Horror Show – Los Angeles Review of Books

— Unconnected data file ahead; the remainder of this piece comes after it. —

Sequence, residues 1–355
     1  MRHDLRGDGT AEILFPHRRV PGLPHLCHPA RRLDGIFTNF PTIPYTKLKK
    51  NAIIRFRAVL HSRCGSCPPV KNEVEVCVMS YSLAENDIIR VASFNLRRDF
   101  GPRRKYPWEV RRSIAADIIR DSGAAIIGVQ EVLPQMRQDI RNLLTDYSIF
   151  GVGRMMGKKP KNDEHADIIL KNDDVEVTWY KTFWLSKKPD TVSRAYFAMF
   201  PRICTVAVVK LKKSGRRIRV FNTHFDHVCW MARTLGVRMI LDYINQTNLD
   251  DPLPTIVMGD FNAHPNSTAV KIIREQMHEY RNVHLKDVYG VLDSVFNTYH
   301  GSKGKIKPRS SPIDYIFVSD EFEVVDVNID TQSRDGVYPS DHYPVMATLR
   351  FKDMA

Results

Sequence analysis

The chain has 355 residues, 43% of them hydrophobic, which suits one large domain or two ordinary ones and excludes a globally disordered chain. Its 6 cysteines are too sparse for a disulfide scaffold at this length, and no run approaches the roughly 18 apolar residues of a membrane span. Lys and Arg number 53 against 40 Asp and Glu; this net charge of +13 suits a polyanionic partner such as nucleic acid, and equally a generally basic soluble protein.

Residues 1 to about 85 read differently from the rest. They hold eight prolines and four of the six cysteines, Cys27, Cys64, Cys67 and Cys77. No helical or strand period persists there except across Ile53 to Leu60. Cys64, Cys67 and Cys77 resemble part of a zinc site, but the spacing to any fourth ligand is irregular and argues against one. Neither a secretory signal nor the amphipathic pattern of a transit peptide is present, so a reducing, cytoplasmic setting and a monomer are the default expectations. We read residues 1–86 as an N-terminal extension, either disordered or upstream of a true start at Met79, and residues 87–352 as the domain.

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Introducing his 2007 remake of the beloved Herschell Gordon Lewis oddity The Wizard of Gore, director Jeremy Kasten said he admired the original film, made in 1970, but that there was room for improvement. “Herschell wasn’t much of a storyteller,” he said to the packed house at the Brattle Theatre in Cambridge, Massachusetts, before playing us his psychedelic makeover. Nor, he might have added, did people come to H. G. Lewis movies to be so entertained. Lewis was a ferocious marketing executive by trade, and his movies had the same blunt effectiveness of a personalized mailer or a cold call. He knew audiences were there to see blood and guts and he delivered in spades. His film Color Me Blood Red (1965) uses the blood of a serial killer’s victims as paint on a canvas. When a shock of that degree is in the offing, the narrative is simply a buttress, no more functionally important to Lewis’s methodology than synch sound or a tripod. There was room for Kasten to turn such a flimsy framework into something with personality without ruffling anyone’s feathers. lareviewofbooks.org

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